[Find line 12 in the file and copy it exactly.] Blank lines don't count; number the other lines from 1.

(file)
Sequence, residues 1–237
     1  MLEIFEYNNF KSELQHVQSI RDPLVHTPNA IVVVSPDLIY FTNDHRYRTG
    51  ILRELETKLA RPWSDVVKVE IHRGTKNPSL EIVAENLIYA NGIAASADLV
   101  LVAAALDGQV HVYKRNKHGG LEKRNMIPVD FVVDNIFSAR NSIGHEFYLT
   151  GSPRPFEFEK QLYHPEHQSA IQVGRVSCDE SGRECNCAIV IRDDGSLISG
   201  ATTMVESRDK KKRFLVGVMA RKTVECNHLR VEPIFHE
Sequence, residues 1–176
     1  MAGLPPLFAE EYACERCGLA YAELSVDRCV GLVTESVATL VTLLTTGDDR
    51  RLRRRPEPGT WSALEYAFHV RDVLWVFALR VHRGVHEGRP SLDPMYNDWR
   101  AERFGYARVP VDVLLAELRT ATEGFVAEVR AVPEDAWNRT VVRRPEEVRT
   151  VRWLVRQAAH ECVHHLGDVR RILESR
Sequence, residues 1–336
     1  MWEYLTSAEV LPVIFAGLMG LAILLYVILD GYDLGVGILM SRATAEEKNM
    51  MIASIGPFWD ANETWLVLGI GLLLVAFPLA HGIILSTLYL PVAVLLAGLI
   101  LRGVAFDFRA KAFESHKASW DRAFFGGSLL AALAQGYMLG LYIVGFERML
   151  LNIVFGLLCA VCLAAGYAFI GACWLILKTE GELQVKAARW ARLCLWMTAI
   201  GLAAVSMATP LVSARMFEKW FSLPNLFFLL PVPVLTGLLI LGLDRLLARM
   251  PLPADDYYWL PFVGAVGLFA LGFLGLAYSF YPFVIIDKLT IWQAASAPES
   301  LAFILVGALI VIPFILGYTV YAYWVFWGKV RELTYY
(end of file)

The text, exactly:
Sequence, residues 1–336